Note: I was an invited guest at one of Southern Season’s recent cooking class and received a sampling of goods, but was not otherwise paid or compensated for this post. All opinions expressed here are solely mine. Thanks, Southern Season!
My friends at Southern Season, a gourmet cooking school and food store in Mount Pleasant, South Carolina, are giving away a FREE holiday gift basket (a $60 value) to one lucky Grits & Chopsticks/Charleston GRIT reader! Details are at the bottom of this post.
In the meantime, last month while we were in Charleston, Ge Ge (my five-year-old son) and I stopped by Southern Season in Mount Pleasant, which is just outside of peninsular Charleston. I’ve been by Southern Season before when we used to live in Charleston, but I’d never had the chance to try out one of their cooking classes. As it turns out, Southern Season occasionally offers kid-friendly cooking classes, and since Ge Ge loves to help me out in our kitchen at home, I thought he’d love to try a real, live cooking class. Off we went to Kids Lowcountry, a class taught by resident chef Lisa Love. At the class, we’d learn how to make pimento cheese with cornbread buttons, baked barbecue chicken and cherry cheesecake parfaits.
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We arrived pretty early for our class, which, in retrospect, was probably a misstep on the hubby and my part. Ge Ge is, after all, just a kindergartener, and, as any parent knows, attention spans drain pretty quickly in that age group. At first, Ge Ge was just as excited as we were to explore the store — running around, quite literally, like a kid in a candy store. The hubby was decidedly more restrained until he happened upon the huge sampling of hand-crafted bitters (many of them local) that Southern Season keeps in stock. The hubby loves to use bitters in his cocktails, and their sampling gave us tons of ideas for ways we might be able to use them in the future.
See? Soo many.
Eventually we made our way into the cooking school, a huge, brightly-lit room with modern appliances and gorgeous white cabinetry with marble countertops. Imagine a dream kitchen, and then multiply that by three, and you’re approaching the massive size of this room. It’s very impressive.
The class began with an immediately appealing activity for young ones — pounding chicken breasts to make the baked barbecue chicken. We were in a class with about ten other kids and their parents or grandparents, and so we crowded around a long table lined with parchment paper. Chicken breasts dotted the paper every foot or so, and then a generous couple of layers of plastic wrap topped the chicken breasts. The kids all took turns pounding the daylights out of their chicken, which proved to be very cathartic for everyone. I really appreciated that Chef Love constantly reminded the kids (and parents) to wash their hands, and to avoid touching the chicken directly for food safety reasons.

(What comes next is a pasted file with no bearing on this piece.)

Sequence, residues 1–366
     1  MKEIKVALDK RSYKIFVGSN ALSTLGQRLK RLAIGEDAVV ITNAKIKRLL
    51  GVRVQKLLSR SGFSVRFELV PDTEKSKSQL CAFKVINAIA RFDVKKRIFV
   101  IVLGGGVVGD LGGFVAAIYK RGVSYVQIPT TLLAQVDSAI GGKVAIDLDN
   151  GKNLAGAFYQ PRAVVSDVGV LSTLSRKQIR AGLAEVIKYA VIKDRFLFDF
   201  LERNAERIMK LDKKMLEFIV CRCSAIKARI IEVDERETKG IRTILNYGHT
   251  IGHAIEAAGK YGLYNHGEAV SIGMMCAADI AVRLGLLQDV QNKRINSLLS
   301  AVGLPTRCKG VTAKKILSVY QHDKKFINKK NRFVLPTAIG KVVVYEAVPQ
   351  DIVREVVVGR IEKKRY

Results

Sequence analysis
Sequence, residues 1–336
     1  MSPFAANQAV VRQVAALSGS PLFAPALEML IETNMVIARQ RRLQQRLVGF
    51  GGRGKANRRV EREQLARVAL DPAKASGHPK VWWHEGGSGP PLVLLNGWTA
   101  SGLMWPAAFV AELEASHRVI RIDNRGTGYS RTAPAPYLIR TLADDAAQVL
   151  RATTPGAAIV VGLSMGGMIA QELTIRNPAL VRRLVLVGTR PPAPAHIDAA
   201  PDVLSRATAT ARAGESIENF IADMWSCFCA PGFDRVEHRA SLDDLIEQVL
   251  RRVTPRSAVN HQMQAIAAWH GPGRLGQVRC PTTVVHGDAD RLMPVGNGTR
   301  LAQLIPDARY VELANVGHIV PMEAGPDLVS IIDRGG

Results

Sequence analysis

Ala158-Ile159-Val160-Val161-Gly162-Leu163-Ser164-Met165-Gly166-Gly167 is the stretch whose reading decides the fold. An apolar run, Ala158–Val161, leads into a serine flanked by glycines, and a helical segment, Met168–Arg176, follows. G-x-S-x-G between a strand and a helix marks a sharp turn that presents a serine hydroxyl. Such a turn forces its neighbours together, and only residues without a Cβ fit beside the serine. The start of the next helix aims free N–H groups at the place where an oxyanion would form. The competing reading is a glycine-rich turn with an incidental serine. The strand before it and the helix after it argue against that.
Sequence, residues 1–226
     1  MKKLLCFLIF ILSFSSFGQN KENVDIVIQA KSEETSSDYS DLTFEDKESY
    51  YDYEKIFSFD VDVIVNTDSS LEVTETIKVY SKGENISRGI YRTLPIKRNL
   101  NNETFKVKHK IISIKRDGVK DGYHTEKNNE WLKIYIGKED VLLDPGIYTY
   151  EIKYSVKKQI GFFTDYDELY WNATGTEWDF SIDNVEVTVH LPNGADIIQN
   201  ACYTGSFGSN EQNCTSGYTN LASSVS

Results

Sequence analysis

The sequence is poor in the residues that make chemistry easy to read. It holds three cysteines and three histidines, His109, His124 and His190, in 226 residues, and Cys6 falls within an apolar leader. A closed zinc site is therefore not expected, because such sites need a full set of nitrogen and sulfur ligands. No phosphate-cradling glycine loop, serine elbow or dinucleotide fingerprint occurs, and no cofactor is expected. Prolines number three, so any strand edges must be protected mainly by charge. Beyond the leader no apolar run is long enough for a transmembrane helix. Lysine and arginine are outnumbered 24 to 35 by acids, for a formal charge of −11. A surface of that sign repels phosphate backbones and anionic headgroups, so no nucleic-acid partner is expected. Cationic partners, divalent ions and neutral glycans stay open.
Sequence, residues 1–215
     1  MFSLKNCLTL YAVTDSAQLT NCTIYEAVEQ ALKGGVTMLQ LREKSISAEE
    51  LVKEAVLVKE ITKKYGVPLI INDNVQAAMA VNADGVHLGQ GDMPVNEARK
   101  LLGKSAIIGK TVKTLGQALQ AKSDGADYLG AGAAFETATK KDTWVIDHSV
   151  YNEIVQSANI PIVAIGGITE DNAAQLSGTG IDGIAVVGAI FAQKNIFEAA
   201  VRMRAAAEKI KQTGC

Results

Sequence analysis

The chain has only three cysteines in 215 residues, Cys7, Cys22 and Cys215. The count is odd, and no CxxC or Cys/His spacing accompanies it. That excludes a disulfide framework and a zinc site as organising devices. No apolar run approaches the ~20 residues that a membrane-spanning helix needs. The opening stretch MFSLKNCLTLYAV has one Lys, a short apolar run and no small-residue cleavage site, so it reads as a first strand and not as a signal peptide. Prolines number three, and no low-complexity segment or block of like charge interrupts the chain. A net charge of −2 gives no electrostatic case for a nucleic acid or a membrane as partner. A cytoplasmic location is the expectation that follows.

Within a few minutes, we were all engaged in a variety of tasks, from whisking together ingredients to make the barbecue sauce to adjusting the seasoning in the pimento cheese. Chef Love, along with a crew of volunteers, did a great job of helping kids find tasks that suited their ages and skill levels. The age range in our class among the kids varied quite a bit, but I could tell right away that Ge Ge was by far the youngest participant. In retrospect, I think he might need a few years before he really gets into cooking classes. It was hard for him to reach the countertops without a stool to see what he was doing, and he’s a little bit hesitant to be around the stove. The older kids were very involved in every step of the process, even blackening a red bell pepper directly over the gas flame on the stove.
The most impressive part of the class was not only how efficiently we moved through each step of the recipes we made, but also how amazingly simple and easy everything was to make. Cornbread “buttons” (or mini cornbread muffins) were mixed and baked in less than 15 minutes, and the kids all had a hand in whipping up a pimento cheese spread in no time. Even the baked barbecued chicken roasted in the oven in under 20 minutes. While the final product (chicken, cornbread and pimento cheese) wasn’t the fanciest meal, it certainly helped show parents and their kids how easy pulling together a delicious meal doesn’t have to take hours in the kitchen.
Of course, Ge Ge’s favorite part was making dessert. He loved crushing the pepper kakor (ginger cookies) in a plastic bag and layering parfait cups with cherry pie filling, creamy cheesecake and crumbled cookie crust. I stuck to our normal deal and didn’t let him have dessert until he’d eaten all of his cornbread and most of the chicken, which he happily did. That cheesecake parfait was so worth it.